Addiction and Recovery in 3 Short Chapters: Chapter 1


Two wooden mannequins pushing puzzle pieces together

Chapter 1


John is 38-years old, has been married for 6 years to Carol, works in a job that he loves in high tech, and he is addicted to alcohol. John noticed that his drinking seemed to pick up over the last two years, but work pressures were mounting, so he saw his increased drinking as temporary, a way to relieve stress so he could be more effective at work. Unfortunately, his alcohol use was creating some major bumps in his relationship with his wife.

Carol started voicing concerns, but as John became increasingly defensive she became increasingly apprehensive and fearful. The less Carol felt she could express about John’s drinking, the angrier she was becoming. He thought she was overreacting and that Carol just didn’t understand how much pressure he was feeling. Maybe he had been drinking a bit more recently, but the recent work deadlines were demanding all his time and attention. John reminded her that he cut down considerably from when they were first married.

Carol agreed that his drinking did get better soon after they were first married, but that it seemed to her that he was working his way back to when things were bad. While he felt that his reassurances to Carol eased the tension between them, he had felt her withdraw more over the last year and that she always seemed angry, even though she had stopped complaining about his drinking. Besides, he disagreed with her that his drinking had been a problem since before they got married. He argued that for the most part he didn’t drink any more than the rest of his friends. She was exaggerating, after all, he wasn’t having problems at work or any place else because of his drinking. Her father is an alcoholic, and he was paying the price, she was reading too much into his drinking. Carol alternated between anger, guilt, resentment and fear. She didn’t like the person she saw herself turning into any more than John did. John felt that work had largely remained unaffected, except for several occasions of drinking too much on two occasions at work parties. His boss didn’t seem that concerned when he advised John to watch his drinking at the upcoming company barbecue, just a friendly reminder.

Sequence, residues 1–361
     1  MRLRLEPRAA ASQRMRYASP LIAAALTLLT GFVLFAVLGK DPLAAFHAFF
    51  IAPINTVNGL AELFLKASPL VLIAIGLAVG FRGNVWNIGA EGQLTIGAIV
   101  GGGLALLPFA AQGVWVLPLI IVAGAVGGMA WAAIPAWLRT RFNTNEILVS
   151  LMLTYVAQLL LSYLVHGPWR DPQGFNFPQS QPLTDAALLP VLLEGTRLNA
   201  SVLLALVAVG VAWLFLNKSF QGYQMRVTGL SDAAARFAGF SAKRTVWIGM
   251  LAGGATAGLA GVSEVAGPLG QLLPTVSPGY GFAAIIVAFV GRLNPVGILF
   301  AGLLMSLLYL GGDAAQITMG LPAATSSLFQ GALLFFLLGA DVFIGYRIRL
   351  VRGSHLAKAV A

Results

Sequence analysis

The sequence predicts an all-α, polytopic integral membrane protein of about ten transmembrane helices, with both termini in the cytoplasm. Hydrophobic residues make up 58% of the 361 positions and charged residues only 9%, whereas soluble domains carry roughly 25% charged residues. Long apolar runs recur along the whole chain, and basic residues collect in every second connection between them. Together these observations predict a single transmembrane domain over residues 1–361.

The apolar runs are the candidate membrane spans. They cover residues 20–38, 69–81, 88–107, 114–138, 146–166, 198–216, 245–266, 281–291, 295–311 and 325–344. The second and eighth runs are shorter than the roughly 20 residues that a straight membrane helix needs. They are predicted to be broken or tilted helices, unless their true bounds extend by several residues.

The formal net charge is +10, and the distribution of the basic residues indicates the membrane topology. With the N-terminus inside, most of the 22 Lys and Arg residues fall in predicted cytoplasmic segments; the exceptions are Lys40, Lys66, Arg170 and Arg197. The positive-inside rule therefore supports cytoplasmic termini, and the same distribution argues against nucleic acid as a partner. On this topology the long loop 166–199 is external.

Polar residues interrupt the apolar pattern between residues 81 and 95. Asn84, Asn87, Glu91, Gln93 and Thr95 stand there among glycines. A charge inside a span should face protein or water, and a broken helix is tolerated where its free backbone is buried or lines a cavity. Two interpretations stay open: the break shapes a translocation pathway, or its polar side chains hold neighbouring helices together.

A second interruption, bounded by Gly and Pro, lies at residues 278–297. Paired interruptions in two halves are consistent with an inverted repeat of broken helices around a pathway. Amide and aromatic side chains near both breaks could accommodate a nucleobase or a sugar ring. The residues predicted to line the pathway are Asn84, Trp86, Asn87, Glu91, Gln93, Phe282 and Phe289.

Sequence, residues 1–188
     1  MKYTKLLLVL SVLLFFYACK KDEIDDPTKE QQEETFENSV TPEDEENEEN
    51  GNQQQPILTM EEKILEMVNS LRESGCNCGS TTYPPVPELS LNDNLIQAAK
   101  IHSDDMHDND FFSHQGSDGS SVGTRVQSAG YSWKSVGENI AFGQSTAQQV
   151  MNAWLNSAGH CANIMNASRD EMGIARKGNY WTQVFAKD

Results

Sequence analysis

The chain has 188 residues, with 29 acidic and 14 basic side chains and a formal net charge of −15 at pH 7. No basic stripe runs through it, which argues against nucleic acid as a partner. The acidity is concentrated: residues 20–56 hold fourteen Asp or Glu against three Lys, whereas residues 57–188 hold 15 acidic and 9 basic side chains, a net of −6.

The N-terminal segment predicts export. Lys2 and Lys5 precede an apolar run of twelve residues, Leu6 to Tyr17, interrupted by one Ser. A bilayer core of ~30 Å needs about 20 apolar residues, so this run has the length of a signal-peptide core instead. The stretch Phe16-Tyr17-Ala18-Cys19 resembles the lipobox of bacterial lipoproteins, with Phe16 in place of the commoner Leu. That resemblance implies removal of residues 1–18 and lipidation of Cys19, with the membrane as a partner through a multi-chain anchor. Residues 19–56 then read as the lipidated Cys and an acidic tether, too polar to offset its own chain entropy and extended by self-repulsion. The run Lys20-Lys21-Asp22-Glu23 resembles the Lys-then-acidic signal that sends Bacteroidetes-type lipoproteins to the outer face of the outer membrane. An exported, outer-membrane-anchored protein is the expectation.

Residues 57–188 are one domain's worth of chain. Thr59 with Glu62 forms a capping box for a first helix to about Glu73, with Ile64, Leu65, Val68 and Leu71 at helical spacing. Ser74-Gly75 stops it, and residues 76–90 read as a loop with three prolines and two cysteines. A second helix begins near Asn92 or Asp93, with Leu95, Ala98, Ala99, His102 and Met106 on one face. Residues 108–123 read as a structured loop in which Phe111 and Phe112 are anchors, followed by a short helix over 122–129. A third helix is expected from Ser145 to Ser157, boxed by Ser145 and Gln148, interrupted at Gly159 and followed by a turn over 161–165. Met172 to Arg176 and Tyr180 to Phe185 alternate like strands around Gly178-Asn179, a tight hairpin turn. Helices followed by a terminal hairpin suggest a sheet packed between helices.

As John were to later recall the evening after work started off just like countless evenings before. He had finished more than a couple of rounds with several of his coworkers at the sports bar. He didn’t particularly feel that buzzed when he texted his wife to say he was heading home. John no longer called like he used to, texting covered the bases because he was letting her know when he was coming home and he didn’t have to talk to her. John got into his car and pulled out into the street, then disaster hit, at least at the time John felt it was disastrous. As time has gone by, he wasn’t sure he would still call the evening disastrous.

It seemed like out of nowhere another car pulled right in front of him and stopped unexpectedly, causing John to hit the other driver’s rear bumper. As it turned out there was a police officer right there who happened to see the accident. At first John was relieved, after all, the accident wasn’t his fault. The other driver changed lanes without signaling and clearly didn’t see John until it was too late, slamming on his brakes 2 seconds too late. John was relieved this wasn’t a serious accident, just an inconvenience to work out with insurance companies. John was still in his car when the officer came over. He then asked John if he had been drinking, which he admitted to. The officer asked John to get out of the car, then proceeded to do a sobriety check and asked John to blow into the Breathalyzer. John didn’t feel impaired so he wasn’t too worried.  Moments later John was arrested; his blood alcohol level was at 0.12.




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